SmartThings Is Over Party

I would have to respectfully disagree. My background is network engineering. I chose SmartThings initially specifically because it was using two well-established reliable standards, Z wave and zigbee. As long as you take the cloud out of the picture, there are many implementations with these protocols that are rocksolid.

At the low-end in home automation, indigo runs only Z wave devices and is extremely stable. At the very high-end in home automation, control 4 runs zigbee, and no one would pay their prices (typically 10% of the cost of the house plus an ongoing annual fee) for an unreliable system.

Zigbee is used for monitoring systems in hospitals, for most smart meters, for cable settop boxes, for the Phillips hue lighting system. These are all low maintenance, mostly set and forget systems.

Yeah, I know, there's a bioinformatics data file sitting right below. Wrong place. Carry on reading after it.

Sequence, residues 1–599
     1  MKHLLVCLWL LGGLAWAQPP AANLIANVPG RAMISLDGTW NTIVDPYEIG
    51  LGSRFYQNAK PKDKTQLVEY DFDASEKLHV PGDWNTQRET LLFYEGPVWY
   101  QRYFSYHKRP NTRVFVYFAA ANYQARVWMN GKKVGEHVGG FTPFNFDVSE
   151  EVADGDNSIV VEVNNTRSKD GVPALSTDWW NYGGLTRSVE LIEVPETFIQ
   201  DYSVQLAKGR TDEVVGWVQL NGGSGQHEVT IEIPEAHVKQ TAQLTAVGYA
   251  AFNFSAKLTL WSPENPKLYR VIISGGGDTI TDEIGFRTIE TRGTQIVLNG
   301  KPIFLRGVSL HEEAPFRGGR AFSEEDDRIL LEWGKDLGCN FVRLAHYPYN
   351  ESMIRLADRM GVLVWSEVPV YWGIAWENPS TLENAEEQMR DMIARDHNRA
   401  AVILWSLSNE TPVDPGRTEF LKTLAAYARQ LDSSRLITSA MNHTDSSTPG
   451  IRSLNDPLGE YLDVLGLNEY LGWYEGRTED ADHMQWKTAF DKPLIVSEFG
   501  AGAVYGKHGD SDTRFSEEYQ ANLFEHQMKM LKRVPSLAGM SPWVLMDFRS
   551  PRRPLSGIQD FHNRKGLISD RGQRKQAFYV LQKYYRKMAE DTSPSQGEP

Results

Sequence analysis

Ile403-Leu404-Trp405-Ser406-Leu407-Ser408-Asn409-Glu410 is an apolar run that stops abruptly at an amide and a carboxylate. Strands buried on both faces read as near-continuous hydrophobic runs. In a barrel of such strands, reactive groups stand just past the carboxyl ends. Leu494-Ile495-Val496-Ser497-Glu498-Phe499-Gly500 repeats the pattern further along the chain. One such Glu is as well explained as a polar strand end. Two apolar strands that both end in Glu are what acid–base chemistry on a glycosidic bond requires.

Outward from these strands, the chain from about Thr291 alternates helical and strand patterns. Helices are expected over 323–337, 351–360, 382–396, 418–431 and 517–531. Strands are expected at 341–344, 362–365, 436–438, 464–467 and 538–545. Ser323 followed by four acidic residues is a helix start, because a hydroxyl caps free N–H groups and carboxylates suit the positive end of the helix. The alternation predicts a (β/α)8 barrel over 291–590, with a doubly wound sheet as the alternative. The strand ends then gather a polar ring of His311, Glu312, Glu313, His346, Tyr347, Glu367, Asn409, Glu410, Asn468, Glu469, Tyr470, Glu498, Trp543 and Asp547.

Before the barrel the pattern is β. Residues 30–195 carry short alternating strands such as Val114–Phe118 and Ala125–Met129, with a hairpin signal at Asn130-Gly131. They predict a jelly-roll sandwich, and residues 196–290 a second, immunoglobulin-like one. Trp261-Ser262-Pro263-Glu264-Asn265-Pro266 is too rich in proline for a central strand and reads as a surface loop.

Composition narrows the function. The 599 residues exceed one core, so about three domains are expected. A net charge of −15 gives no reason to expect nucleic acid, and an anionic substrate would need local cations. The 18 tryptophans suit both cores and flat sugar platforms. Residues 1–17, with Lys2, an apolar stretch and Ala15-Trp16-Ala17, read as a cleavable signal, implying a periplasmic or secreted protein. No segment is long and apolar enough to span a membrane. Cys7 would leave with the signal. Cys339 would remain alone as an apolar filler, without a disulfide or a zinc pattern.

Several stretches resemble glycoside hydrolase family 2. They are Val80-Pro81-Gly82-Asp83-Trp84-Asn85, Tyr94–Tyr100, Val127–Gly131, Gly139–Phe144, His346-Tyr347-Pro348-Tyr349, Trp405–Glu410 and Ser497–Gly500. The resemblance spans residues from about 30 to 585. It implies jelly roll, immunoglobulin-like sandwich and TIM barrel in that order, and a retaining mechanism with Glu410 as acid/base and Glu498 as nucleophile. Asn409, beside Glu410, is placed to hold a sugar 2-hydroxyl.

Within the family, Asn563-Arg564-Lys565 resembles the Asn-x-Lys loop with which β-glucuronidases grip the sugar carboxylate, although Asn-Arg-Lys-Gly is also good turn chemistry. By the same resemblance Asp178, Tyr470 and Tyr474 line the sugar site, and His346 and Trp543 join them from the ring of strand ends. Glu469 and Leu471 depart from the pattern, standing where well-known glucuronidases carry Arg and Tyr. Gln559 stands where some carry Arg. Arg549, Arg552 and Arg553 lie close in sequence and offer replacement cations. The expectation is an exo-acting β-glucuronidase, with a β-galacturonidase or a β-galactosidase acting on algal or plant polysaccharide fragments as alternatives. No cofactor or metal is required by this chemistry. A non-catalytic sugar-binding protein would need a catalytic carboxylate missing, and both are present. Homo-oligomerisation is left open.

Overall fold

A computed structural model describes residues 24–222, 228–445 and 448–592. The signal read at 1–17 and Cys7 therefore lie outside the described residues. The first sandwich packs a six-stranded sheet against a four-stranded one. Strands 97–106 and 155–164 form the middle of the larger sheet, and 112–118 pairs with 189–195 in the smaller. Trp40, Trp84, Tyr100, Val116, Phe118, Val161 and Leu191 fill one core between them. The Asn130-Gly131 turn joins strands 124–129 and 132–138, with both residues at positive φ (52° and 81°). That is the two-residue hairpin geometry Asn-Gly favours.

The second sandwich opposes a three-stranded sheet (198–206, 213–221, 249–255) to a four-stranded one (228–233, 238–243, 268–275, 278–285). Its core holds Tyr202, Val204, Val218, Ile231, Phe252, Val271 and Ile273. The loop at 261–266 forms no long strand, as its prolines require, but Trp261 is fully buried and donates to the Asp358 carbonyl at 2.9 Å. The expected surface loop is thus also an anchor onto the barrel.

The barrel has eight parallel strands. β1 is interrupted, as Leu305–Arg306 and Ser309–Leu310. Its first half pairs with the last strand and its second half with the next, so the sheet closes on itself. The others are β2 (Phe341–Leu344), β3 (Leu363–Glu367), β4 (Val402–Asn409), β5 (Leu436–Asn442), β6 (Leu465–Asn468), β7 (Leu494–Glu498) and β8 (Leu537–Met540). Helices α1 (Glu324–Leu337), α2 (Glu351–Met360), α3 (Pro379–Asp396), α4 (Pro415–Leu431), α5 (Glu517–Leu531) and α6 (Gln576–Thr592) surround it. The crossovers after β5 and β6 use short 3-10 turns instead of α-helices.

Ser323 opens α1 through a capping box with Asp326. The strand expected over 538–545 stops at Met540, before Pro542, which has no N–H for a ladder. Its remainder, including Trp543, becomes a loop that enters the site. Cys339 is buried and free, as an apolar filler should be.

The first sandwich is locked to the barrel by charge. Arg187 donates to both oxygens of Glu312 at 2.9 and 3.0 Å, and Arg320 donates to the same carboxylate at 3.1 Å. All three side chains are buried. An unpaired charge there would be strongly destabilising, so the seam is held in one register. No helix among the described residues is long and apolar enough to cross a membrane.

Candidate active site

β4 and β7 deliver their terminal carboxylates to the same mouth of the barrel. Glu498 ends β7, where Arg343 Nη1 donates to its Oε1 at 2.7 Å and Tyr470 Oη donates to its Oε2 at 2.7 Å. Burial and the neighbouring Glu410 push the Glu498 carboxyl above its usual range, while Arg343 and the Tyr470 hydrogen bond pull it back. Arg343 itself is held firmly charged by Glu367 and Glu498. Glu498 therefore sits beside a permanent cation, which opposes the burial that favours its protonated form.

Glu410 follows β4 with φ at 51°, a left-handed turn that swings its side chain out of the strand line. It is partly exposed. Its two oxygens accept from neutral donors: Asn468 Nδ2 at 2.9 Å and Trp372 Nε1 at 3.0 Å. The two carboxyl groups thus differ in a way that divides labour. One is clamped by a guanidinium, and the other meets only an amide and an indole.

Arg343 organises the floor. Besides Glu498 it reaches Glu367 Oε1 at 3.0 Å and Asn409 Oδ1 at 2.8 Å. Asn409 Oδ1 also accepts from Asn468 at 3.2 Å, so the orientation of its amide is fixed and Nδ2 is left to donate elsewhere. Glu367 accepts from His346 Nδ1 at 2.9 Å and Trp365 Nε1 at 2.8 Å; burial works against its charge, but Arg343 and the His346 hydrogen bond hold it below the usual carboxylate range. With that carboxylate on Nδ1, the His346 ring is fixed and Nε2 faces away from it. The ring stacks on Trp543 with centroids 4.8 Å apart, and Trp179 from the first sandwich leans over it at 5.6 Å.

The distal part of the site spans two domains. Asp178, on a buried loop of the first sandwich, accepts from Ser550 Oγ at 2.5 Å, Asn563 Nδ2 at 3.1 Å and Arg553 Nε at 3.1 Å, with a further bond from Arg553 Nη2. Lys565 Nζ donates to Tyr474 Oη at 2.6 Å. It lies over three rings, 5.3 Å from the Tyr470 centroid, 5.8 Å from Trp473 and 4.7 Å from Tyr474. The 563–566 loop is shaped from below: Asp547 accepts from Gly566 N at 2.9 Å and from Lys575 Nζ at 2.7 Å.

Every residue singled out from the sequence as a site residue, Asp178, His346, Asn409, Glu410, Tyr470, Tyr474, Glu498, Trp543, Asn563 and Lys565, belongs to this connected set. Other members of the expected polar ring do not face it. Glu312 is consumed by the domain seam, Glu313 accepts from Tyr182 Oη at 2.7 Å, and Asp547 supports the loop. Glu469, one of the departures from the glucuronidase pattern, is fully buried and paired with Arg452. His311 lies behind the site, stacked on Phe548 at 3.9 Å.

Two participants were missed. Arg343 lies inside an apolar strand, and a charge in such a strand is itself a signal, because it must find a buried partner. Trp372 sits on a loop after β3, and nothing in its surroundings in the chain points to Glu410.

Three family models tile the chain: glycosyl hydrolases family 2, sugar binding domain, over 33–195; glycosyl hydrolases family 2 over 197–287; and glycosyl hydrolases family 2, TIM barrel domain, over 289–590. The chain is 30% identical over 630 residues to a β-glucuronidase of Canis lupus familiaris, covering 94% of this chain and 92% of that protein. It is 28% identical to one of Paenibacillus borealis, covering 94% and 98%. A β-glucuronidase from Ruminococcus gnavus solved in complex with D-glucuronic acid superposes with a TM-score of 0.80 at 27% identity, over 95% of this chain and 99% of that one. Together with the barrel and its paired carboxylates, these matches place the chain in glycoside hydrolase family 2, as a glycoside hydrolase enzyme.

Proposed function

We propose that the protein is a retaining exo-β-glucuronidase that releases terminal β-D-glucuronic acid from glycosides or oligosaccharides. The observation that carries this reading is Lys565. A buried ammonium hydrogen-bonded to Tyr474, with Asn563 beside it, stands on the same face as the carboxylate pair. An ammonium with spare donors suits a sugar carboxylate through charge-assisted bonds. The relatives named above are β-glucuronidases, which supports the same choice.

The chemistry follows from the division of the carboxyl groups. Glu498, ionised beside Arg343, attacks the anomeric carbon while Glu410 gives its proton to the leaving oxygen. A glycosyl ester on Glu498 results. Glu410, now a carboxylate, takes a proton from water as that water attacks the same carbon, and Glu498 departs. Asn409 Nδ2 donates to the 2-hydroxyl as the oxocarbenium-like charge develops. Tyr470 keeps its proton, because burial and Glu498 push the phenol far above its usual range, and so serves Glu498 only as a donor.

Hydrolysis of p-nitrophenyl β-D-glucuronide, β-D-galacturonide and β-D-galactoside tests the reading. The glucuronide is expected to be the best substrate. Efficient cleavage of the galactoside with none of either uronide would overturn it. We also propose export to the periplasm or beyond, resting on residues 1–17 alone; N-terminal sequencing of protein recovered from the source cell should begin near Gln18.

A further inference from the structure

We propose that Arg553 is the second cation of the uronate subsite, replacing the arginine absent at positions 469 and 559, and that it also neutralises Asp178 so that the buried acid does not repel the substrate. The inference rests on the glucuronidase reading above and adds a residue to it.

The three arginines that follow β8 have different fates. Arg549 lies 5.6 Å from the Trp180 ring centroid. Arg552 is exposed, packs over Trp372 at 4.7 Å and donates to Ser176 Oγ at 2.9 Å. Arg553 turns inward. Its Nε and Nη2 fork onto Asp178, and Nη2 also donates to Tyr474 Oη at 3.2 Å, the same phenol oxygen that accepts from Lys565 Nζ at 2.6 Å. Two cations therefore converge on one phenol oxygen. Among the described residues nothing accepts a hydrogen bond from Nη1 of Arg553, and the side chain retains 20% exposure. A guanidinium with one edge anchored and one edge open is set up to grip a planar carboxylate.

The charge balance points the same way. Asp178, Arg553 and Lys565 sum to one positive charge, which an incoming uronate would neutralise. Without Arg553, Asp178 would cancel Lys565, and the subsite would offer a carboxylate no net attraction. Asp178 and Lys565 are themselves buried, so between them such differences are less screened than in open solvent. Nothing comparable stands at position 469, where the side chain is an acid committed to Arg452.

Z wave works particularly well for light switches, and the Leviton line with their own simple controller is extremely reliable.

The standards are not the problem. If you buy very cheap offbrand devices you can run into issues, but that’s true of any electrical device.

Other than that, the reliability issues come from the cloud and trying to operate a multiprotocol platform with a $99 hub.

There are a number of alternatives to SmartThings. Most are much less versatile and flexible than SmartThings, and several work with only one protocol. But stability is not the issue for most of those competitors that are not cloud-based. Missing features are typically what bring people to SmartThings.

Every system has pluses and minuses, but the standards are not to blame for SmartThings’ stability issues.

Submitted with respect.